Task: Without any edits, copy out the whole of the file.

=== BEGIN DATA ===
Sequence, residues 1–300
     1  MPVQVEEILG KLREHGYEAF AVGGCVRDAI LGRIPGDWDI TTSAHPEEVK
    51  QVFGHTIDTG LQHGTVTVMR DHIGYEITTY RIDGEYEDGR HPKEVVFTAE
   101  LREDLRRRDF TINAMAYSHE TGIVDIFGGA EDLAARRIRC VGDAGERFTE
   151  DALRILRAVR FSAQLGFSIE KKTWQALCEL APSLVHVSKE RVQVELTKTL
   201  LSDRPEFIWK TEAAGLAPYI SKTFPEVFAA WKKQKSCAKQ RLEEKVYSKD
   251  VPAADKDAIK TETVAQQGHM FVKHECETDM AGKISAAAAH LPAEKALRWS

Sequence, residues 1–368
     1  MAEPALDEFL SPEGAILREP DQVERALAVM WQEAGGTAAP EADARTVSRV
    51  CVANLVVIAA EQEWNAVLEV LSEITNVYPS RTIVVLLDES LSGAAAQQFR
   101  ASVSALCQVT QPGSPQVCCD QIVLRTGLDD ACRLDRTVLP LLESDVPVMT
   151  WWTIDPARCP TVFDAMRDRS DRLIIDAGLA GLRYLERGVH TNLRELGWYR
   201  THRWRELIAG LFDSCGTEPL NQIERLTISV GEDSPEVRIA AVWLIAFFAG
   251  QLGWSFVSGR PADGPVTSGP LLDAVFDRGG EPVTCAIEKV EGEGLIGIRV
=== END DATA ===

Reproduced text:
Sequence, residues 1–300
     1  MPVQVEEILG KLREHGYEAF AVGGCVRDAI LGRIPGDWDI TTSAHPEEVK
    51  QVFGHTIDTG LQHGTVTVMR DHIGYEITTY RIDGEYEDGR HPKEVVFTAE
   101  LREDLRRRDF TINAMAYSHE TGIVDIFGGA EDLAARRIRC VGDAGERFTE
   151  DALRILRAVR FSAQLGFSIE KKTWQALCEL APSLVHVSKE RVQVELTKTL
   201  LSDRPEFIWK TEAAGLAPYI SKTFPEVFAA WKKQKSCAKQ RLEEKVYSKD
   251  VPAADKDAIK TETVAQQGHM FVKHECETDM AGKISAAAAH LPAEKALRWS

Sequence, residues 1–368
     1  MAEPALDEFL SPEGAILREP DQVERALAVM WQEAGGTAAP EADARTVSRV
    51  CVANLVVIAA EQEWNAVLEV LSEITNVYPS RTIVVLLDES LSGAAAQQFR
   101  ASVSALCQVT QPGSPQVCCD QIVLRTGLDD ACRLDRTVLP LLESDVPVMT
   151  WWTIDPARCP TVFDAMRDRS DRLIIDAGLA GLRYLERGVH TNLRELGWYR
   201  THRWRELIAG LFDSCGTEPL NQIERLTISV GEDSPEVRIA AVWLIAFFAG
   251  QLGWSFVSGR PADGPVTSGP LLDAVFDRGG EPVTCAIEKV EGEGLIGIRV